Selected SLC Research


Policy Analysis | September 19, 2011

Prospective Changes in Long-Term Care Policies

Jeremy Williams

According to the federal Centers for Medicare and Medicaid Services (CMS), there are approximately 9 million people in the United States who require long-term care, including those in nursing homes and people with disabilities. That number is expected to reach 12 million by 2020.In addition, approximately 40 percent of all people living in the United States who reach the age of 65 will enter a nursing home at some point in their lives, and 10 percent of all those who do so will stay there five years or more, according to CMS.

Funding for these services is of grave concern to states and the federal government, particularly in light of the national financial crisis and the reality that healthcare costs are expected to double by 2020.Generally, Medicare does not pay for long-term care but only for medically necessary services like home healthcare or skilled nursing facilities, which means Medicaid is primarily responsible for covering most long-term care expenditures, including nursing home care for elderly people. Since Medicaid eligibility requirements vary so widely by state, to what extent these services are funded varies as well.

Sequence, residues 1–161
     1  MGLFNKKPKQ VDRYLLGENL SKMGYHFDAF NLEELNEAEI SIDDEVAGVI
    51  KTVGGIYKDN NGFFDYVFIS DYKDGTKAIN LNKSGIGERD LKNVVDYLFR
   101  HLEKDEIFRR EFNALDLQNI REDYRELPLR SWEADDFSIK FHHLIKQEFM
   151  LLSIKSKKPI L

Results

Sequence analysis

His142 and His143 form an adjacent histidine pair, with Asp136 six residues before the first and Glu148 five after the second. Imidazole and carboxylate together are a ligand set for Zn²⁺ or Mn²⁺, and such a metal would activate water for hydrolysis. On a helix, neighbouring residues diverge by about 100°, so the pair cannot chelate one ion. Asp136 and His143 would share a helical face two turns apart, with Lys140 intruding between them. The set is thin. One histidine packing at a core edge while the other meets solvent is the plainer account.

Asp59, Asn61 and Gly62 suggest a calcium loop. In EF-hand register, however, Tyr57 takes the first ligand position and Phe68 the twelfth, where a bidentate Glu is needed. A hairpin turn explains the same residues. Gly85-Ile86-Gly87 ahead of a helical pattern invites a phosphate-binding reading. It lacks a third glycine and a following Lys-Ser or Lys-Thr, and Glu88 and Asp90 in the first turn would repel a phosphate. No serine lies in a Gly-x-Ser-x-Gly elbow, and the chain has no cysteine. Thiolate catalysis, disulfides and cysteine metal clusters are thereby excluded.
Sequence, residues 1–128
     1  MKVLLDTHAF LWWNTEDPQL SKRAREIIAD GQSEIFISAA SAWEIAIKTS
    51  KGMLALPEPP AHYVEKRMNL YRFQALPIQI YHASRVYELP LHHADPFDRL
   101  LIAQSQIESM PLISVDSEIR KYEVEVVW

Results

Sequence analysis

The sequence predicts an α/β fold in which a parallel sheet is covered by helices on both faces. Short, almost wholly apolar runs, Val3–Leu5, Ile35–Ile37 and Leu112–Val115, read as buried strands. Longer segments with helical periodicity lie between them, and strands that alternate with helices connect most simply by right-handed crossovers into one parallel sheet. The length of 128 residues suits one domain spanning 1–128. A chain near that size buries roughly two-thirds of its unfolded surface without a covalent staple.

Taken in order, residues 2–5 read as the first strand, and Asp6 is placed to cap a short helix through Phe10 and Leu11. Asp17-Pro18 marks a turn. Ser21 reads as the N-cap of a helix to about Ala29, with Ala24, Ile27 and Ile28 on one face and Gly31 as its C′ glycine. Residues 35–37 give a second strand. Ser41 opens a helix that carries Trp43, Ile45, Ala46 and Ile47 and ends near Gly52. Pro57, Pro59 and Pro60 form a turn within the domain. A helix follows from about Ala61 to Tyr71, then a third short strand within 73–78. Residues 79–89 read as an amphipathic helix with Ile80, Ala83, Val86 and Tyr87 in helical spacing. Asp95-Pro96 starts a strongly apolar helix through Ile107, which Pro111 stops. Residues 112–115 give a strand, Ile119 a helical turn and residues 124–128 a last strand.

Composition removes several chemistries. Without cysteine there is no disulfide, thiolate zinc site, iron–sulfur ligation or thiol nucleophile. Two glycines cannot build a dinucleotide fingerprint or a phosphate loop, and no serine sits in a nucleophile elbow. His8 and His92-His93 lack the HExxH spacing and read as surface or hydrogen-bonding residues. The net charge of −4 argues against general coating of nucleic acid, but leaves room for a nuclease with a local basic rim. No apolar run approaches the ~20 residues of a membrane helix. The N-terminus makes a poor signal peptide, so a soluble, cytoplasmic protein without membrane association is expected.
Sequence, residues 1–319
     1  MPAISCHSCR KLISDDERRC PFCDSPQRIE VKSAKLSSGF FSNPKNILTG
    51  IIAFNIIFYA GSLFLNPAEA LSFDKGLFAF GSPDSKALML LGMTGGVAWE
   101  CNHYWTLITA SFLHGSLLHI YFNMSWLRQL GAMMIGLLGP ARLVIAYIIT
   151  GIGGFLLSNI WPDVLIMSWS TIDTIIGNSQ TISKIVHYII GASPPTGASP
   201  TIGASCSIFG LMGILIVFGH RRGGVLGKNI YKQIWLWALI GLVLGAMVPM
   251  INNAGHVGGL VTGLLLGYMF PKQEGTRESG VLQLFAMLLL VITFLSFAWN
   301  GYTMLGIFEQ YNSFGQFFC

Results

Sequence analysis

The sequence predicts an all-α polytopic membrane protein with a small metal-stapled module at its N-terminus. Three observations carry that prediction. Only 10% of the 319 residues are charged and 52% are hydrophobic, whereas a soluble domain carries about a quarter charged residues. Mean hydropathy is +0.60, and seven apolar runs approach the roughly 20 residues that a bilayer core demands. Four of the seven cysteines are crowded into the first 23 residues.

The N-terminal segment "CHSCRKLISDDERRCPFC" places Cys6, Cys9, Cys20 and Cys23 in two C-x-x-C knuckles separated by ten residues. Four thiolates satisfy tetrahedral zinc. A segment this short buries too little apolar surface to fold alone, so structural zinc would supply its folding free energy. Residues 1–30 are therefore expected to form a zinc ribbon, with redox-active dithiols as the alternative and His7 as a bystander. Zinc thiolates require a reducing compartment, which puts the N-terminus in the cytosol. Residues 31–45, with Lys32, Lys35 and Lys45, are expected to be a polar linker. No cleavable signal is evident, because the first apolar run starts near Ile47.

A new report by the National Governors Association, Redesigning State Government 2011, indicates that many states are revamping the way healthcare policy is administered. For instance, the North Carolina Department of Health and Human Services instituted a new policy this year that will limit Medicaid patient prescriptions to mostly generic drugs, a measure that is expected to save the state as much as $30 million annually. Wyoming and New York implemented similar measures this year as well. Maryland recently created a public-private council, the Maryland Health Quality and Cost Council, to coordinate healthcare initiatives among insurers, medical groups, health insurance exchanges, advocacy groups, and other state and local stakeholders and entities. Among other endeavors, the Council will attempt to find new ways to improve chronic illness care, including coordination of medical, rehabilitative and long-term care services, in hopes of improving the lives of people who receive those services and reducing costs.